Capture FRAEuropean Union Agency for Fundamental Rights has published quarterly bulletin no 3 for 2020: Migration: Key fundamental rights concerns for the period from the 1 April to 30 June 2020. The report collects data on the state of fundamental rights of persons arriving to the EU member states. It lights on main trends in the majority of the EU member states in the field of asylum and migration. Additionally to the EU member states, the report gives up date on the key fundamental rights concerns in this area in the Republic of Serbia and North Macedonia.

Quarterly Bulletin no 3 mostly focused on key challenges in the context of COVID-19 pandemic including legal framework changes, restriction of movement, hindered access to the asylum procedure, overcrowding of the accommodation facilities, protection of children as well as hate speech and violence. Report points to slowdowns in the number of asylum seekers due to health measures and restrictions in traveling despite that the enforcement of measures was ease off to certain extent.

BCHR contributed to the report with analyses on the state of affairs in the Republic of Serbia. The report stresses that the Asylum Office resumed procedural actions and that the abolishment of the Government’s Decision on closure of all border crossing for entering into Republic of Serbia in May which led to opening of border crossings and restart of commercial flights. Attention is given to the physical abuse of unaccompanied children in the Asylum Centre Bogovađa and Order of the Ministry of Health from 7 May.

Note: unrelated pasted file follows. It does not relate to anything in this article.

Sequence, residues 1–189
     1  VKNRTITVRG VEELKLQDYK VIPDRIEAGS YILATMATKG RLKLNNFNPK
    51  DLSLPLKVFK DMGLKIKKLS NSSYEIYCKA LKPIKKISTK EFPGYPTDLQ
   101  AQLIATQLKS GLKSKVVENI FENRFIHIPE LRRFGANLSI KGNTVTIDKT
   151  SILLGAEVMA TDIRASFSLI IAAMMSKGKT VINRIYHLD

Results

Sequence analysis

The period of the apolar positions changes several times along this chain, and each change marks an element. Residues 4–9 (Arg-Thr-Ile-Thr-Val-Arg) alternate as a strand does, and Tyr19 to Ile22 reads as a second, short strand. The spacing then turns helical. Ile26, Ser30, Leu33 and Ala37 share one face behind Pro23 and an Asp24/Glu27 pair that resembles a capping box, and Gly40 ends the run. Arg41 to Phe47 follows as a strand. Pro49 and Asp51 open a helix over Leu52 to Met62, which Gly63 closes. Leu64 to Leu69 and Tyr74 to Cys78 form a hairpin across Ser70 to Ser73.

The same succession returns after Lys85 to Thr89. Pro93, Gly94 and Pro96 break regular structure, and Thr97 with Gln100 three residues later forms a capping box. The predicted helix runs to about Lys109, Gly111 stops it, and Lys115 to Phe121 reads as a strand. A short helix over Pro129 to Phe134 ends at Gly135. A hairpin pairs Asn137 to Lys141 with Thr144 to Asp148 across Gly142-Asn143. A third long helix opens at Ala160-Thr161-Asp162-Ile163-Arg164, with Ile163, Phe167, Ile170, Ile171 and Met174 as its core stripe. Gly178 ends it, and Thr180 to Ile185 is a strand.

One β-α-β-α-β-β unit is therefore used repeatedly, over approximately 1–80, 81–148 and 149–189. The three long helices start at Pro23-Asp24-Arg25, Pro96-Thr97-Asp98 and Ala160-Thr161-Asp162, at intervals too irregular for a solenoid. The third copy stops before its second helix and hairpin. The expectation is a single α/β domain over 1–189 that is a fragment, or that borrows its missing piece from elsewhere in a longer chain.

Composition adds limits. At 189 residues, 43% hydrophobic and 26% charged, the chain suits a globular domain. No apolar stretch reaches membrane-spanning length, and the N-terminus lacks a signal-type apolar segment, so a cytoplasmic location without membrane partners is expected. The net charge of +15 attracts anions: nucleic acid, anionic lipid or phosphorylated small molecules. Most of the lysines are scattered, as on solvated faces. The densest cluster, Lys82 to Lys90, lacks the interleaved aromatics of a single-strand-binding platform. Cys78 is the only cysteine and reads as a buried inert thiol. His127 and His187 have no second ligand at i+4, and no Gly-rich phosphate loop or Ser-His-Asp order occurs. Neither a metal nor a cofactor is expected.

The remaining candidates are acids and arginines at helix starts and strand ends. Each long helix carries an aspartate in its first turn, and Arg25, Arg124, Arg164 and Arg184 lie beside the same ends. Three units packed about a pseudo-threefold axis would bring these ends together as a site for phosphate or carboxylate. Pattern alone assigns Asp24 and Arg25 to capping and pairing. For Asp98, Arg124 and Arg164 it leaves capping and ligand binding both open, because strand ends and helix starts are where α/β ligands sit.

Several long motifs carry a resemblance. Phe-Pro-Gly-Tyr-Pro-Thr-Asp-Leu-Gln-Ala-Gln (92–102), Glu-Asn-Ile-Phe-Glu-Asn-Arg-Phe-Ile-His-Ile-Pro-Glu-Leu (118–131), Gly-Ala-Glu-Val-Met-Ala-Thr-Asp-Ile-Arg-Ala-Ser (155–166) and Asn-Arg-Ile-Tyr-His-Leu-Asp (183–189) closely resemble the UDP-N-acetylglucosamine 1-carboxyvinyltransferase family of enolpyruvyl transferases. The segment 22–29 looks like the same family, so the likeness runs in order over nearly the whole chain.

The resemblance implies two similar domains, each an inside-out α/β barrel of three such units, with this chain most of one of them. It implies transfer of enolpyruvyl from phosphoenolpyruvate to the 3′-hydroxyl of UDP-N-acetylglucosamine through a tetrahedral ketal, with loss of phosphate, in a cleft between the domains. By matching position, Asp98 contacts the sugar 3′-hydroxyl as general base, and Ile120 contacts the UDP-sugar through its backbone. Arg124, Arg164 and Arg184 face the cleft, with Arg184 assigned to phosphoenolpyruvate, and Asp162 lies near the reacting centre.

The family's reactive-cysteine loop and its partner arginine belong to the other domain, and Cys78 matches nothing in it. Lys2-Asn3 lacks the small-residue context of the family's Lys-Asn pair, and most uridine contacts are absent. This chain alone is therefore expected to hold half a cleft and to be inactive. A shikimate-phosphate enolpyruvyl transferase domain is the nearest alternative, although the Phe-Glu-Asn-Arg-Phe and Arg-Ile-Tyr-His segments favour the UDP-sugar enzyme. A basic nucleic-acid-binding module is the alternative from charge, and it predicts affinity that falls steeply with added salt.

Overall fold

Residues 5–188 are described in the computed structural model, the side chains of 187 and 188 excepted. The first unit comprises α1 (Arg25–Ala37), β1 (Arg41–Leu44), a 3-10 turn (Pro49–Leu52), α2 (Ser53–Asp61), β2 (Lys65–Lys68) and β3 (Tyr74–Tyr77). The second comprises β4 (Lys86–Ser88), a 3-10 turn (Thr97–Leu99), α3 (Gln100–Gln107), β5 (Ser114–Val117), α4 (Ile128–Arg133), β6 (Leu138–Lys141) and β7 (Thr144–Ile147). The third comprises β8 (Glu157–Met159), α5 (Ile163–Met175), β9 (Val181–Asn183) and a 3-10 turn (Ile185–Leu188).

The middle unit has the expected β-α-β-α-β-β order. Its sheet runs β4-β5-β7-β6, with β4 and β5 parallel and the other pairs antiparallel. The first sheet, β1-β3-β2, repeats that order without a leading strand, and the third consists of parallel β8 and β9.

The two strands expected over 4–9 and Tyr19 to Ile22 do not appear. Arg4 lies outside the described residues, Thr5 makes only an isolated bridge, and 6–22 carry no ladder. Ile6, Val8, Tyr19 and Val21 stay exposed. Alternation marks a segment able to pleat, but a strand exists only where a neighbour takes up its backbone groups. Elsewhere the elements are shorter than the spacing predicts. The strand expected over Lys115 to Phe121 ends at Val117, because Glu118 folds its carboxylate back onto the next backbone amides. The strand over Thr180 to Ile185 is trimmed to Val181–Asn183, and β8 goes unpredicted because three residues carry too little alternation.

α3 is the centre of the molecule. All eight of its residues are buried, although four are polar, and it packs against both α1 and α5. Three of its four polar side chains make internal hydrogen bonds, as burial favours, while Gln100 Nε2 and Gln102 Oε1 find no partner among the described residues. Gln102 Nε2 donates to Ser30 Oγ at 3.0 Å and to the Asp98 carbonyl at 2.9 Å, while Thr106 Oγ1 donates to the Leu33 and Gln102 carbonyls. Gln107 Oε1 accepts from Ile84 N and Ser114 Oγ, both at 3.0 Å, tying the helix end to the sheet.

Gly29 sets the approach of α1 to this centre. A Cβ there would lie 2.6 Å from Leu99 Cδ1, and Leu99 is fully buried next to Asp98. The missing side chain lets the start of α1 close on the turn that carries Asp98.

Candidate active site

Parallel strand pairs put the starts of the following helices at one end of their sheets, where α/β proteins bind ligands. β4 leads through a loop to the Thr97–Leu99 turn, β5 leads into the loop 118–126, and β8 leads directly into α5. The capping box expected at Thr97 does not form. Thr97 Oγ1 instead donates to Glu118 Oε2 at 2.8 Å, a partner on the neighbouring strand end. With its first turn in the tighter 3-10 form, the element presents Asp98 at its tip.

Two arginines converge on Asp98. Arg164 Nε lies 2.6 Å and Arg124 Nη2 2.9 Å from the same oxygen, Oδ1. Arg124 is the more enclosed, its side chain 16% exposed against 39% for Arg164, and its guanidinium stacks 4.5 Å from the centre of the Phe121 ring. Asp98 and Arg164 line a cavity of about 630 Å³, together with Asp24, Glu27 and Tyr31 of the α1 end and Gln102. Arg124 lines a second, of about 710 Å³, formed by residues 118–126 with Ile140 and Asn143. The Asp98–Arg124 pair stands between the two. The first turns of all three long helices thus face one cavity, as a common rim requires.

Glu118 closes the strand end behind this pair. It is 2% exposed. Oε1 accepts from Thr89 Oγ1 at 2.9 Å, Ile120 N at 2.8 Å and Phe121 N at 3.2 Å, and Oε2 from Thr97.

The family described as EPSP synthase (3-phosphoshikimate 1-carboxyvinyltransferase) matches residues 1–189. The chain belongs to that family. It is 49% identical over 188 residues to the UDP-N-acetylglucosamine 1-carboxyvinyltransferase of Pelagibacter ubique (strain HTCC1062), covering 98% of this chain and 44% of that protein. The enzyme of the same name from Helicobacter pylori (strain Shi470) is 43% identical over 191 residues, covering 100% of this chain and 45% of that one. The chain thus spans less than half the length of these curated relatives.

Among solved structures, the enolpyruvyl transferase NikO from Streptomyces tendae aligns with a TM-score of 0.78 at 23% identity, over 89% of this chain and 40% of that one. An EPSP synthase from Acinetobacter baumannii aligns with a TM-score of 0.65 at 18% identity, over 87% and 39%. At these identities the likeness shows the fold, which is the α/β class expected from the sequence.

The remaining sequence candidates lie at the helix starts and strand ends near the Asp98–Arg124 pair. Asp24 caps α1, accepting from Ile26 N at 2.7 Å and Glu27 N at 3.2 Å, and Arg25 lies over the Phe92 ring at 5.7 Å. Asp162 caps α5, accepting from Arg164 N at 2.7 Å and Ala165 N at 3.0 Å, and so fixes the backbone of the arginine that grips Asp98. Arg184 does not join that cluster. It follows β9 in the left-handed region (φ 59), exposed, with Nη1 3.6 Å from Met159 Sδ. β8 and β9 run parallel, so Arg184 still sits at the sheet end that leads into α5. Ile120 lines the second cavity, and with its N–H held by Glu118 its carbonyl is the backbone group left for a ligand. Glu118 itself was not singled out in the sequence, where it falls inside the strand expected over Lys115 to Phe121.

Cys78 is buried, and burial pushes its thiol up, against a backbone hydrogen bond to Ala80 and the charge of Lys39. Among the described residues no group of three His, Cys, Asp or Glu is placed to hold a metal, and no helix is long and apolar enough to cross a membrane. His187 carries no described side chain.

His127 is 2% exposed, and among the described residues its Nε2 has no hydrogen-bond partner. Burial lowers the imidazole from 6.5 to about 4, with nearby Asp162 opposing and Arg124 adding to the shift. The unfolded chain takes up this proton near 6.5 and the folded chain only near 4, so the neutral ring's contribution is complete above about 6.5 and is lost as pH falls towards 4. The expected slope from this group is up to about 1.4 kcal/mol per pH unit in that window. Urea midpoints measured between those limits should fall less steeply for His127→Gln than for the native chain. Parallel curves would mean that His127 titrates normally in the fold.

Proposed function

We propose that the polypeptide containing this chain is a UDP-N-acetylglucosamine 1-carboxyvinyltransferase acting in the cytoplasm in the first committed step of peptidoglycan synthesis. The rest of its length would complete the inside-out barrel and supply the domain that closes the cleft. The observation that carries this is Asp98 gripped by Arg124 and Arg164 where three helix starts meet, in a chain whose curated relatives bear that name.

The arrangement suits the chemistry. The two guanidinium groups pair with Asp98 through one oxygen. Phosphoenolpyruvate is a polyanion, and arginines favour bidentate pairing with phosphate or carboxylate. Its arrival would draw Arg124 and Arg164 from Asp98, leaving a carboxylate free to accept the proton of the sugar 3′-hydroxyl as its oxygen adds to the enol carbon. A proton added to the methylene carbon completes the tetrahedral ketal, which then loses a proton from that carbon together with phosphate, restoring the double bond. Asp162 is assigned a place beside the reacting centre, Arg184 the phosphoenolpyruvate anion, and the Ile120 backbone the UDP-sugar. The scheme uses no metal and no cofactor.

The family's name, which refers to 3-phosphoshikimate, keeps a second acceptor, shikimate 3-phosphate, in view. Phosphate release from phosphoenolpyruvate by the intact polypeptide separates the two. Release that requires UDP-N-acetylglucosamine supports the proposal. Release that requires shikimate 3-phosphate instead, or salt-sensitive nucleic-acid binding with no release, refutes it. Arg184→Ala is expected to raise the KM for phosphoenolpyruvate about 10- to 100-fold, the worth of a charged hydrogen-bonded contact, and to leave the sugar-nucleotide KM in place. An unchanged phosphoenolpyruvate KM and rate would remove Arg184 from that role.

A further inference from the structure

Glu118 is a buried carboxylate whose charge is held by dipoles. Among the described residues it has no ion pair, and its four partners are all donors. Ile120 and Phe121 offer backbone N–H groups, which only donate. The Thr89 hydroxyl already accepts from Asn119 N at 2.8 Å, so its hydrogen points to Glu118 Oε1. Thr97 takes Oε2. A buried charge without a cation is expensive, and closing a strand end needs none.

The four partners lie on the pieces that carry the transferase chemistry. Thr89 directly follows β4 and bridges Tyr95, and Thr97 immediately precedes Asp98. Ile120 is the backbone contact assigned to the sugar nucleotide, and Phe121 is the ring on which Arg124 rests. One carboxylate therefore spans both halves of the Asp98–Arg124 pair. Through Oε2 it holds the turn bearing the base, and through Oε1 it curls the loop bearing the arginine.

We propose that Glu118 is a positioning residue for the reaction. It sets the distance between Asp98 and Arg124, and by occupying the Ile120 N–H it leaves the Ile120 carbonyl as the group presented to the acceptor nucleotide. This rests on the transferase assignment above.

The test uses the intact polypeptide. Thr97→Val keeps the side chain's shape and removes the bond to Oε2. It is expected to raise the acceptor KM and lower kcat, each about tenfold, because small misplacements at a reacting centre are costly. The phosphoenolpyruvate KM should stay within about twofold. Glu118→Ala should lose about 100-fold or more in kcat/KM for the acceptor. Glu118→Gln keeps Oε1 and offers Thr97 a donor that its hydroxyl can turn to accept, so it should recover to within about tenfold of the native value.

Civil society and media will not give up the fight for a democratic and free Serbia

July 28, 2020


The media and civil society organizations demand from the Ministry of Finance and the Administration for the Prevention of Money Laundering to immediately present the grounds for suspicion due to which they ordered the extraordinary collection of information about organizations, media, and individuals from the commercial banks. The article of the law, referred to by the director of the Administration for the Prevention of Money Laundering, states that such inspection should be performed exclusively for organizations for which there are grounds for suspicion of their involvement in the financing of terrorism. Since the list includes numerous organizations and individuals dealing with investigative journalism, protection of human rights, transparency, film production, development of democracy, rule of law and philanthropy, the conclusion is that this is a political abuse of institutions and a dangerous attempt to further collapse the rule of law in Serbia.